University of Cambridge > Talks.cam > Geophysical and Environmental Processes (DAMTP/BPI) > Geoengineering the Climate: Science, Governance & Uncertainty: the Royal Society study

Geoengineering the Climate: Science, Governance & Uncertainty: the Royal Society study

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  • UserJohn Shepherd (Southampton)
  • ClockThursday 18 February 2010, 14:05-15:15
  • HouseMR13, CMS.

If you have a question about this talk, please contact Doris Allen.

The climate change we are experiencing now is caused by an increase in greenhouse gases due to human activities, including burning fossil fuels, agriculture and deforestation. There is now widespread belief that a global warming of greater than 2oC above pre-industrial levels would be dangerous and should therefore be avoided. However, despite growing concerns over climate change, global CO2 emissions have continued to climb. This has led some to suggest more radical “Geoengineering” alternatives to conventional mitigation via reductions in CO2 emissions.

Geoengineering is deliberate intervention in the climate system to counteract man-made global warming. There are two main classes of geoengineering; direct carbon dioxide removal, and solar radiation management, which aims to cool the planet by reflecting more sunlight out to space. This talk will summarise the findings of a recent review of Geoengineering carried-out by the UK Royal Society (see http://royalsociety.org/document.asp?tip=1&id=8770 ), discussing the climate effects, costs, risks, and research and governance needs for each approach.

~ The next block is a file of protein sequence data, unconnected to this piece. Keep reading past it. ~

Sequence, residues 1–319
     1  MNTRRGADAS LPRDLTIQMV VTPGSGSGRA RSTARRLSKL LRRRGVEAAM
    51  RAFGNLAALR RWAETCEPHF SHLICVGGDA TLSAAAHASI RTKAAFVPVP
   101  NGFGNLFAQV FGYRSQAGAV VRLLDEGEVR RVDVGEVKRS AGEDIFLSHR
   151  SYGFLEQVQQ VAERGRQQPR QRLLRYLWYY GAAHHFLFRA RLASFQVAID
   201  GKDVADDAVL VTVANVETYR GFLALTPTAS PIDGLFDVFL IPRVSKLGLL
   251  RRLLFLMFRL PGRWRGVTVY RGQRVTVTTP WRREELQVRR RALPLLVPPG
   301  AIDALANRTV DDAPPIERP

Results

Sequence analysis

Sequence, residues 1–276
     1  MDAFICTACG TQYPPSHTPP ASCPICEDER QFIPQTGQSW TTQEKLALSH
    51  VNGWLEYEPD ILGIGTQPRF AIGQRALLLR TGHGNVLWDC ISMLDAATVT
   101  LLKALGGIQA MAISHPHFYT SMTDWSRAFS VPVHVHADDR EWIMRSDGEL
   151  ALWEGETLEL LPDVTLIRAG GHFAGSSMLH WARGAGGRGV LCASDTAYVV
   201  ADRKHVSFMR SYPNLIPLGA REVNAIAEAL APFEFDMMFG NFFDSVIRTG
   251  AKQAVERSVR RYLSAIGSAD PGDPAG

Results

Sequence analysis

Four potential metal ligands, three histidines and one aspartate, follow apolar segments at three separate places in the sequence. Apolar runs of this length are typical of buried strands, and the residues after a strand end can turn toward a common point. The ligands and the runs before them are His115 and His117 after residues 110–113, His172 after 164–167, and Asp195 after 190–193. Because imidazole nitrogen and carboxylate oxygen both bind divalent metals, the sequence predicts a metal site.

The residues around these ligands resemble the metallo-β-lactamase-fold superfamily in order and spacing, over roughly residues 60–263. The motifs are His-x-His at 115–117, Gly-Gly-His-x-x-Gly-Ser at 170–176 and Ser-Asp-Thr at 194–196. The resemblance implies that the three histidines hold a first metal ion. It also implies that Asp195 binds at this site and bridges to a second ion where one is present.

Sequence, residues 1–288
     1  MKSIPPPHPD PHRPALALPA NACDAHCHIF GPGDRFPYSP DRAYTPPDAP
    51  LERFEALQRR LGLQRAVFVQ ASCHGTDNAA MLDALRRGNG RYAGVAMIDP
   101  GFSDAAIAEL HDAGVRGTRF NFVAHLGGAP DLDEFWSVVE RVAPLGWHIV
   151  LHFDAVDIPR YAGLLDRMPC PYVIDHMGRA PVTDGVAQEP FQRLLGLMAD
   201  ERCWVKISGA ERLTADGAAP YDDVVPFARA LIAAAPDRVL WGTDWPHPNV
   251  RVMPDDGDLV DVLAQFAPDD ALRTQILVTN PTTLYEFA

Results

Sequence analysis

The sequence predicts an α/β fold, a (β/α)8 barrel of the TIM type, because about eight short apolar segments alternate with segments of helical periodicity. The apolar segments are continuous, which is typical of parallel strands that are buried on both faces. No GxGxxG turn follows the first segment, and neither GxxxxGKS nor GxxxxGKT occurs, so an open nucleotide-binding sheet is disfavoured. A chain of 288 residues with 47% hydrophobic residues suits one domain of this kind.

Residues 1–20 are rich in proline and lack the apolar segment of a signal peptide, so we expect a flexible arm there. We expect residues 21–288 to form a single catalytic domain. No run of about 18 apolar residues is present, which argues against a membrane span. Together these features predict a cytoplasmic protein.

Key findings include

• Geoengineering is not a magic bullet and not an alternative to emissions reductions.

• Cutting global greenhouse gas emissions must remain our highest priority –

o But this is proving to be difficult, and Geoengineering may be useful to support it

• Geoengineering is very likely to be technically possible

o However, there are major uncertainties and potential risks concerning effectiveness, costs and social & environmental impacts

• Much more research is needed, as well public engagement and a system of regulation (for both deployment and for possible large-scale field tests)

This talk is part of the Geophysical and Environmental Processes (DAMTP/BPI) series.

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